Use this URL to cite or link to this record in EThOS: https://ethos.bl.uk/OrderDetails.do?uin=uk.bl.ethos.742317
Title: Modelling social media popularity of news articles using headline text
Author: Piotrkowicz, Alicja
ISNI:       0000 0004 7228 2713
Awarding Body: University of Leeds
Current Institution: University of Leeds
Date of Award: 2017
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Abstract:
The way we formulate headlines matters -- this is the central tenet of this thesis. Headlines play a key role in attracting and engaging online audiences. With the increasing usage of mobile apps and social media to consume news, headlines are the most prominent -- and often the only -- part of the news article visible to readers. Earlier studies examined how readers' preferences and their social network influence which headlines are clicked or shared on social media. However, there is limited research on the impact of the headline text on social media popularity. To address this research gap we pose the following question: how to formulate a headline so that it reaches as many readers as possible on social media. To answer this question we adopt an experimental approach to model and predict the popularity of news articles on social media using headlines. First, we develop computational methods for an automatic extraction of two types of headline characteristics. The first type is news values: Prominence, Sentiment, Magnitude, Proximity, Surprise, and Uniqueness. The second type is linguistic style: Brevity, Simplicity, Unambiguity, Punctuation, Nouns, Verbs, and Adverbs. We then investigate the impact of these features on popularity using social media popularity on Twitter and Facebook, and perceived popularity obtained from a crowdsourced survey. Finally, using these features and headline metadata we build prediction models for global and country-specific social media popularity. For the country-specific prediction model we augment several news values features with country relatedness information using knowledge graphs. Our research established that computational methods can be reliably used to characterise headlines in terms of news values and linguistic style features; and that most of these features significantly correlate with social media popularity and to a lesser extent with perceived popularity. Our prediction model for global social media popularity outperformed state-of-the-art baselines, showing that headline wording has an effect on social media popularity. With the country-specific prediction model we showed that we improved the features implementations by adding data from knowledge graphs. These findings indicate that formulating a headline in a certain way can lead to wider readership engagement. Furthermore, our methods can be applied to other types of digital content similar to headlines, such as titles for blog posts or videos. More broadly our results signify the importance of content analysis for popularity prediction.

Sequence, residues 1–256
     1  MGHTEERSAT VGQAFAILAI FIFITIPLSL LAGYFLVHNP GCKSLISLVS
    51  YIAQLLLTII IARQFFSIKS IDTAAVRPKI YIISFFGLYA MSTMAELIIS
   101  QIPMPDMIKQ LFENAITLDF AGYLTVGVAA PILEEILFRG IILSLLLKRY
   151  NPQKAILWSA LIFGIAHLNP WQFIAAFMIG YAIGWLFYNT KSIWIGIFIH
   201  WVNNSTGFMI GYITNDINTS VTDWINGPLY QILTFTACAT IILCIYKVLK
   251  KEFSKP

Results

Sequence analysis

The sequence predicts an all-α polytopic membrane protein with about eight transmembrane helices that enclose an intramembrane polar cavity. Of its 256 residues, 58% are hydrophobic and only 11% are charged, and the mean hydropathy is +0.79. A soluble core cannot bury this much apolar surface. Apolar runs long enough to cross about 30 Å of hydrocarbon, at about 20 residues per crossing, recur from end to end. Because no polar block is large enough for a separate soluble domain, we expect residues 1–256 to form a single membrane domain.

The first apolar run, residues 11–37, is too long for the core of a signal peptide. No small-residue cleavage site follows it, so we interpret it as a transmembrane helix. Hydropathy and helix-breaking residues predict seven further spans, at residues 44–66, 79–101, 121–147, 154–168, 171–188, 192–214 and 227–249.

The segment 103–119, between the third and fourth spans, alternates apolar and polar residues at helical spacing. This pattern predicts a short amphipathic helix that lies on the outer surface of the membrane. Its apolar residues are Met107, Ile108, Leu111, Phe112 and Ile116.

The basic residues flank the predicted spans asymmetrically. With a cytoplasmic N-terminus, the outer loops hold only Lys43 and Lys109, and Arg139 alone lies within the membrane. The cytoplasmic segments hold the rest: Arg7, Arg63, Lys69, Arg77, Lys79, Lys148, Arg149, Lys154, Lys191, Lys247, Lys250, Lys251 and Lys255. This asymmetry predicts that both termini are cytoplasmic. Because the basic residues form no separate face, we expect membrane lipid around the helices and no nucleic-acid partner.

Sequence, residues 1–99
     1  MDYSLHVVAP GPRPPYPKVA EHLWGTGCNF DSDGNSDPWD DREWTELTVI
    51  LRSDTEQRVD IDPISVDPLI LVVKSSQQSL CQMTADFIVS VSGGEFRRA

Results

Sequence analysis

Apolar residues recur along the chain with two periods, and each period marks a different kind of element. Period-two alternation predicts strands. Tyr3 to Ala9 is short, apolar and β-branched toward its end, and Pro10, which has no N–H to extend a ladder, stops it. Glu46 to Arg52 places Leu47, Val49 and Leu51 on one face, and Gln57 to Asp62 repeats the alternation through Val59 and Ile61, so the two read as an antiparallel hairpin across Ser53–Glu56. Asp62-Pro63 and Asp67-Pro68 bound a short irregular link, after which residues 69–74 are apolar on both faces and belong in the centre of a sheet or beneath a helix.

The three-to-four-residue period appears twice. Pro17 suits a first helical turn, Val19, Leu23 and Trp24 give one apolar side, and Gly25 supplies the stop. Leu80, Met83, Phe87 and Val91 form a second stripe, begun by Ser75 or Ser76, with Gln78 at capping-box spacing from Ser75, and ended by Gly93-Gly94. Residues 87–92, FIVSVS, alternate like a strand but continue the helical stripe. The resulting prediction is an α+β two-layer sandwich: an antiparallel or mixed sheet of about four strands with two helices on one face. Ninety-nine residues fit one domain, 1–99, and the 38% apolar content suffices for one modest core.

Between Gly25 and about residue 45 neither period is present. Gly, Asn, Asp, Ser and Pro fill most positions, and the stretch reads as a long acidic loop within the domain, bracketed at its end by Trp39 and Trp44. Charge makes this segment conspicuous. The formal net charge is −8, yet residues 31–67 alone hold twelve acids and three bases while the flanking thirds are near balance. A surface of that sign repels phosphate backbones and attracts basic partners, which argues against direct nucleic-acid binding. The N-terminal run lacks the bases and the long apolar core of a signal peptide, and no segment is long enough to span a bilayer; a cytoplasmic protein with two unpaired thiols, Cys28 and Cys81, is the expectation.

Supervisor: Dimitrova, Vania Sponsor: EPSRC
Qualification Name: Thesis (Ph.D.) Qualification Level: Doctoral
EThOS ID: uk.bl.ethos.742317  DOI: Not available
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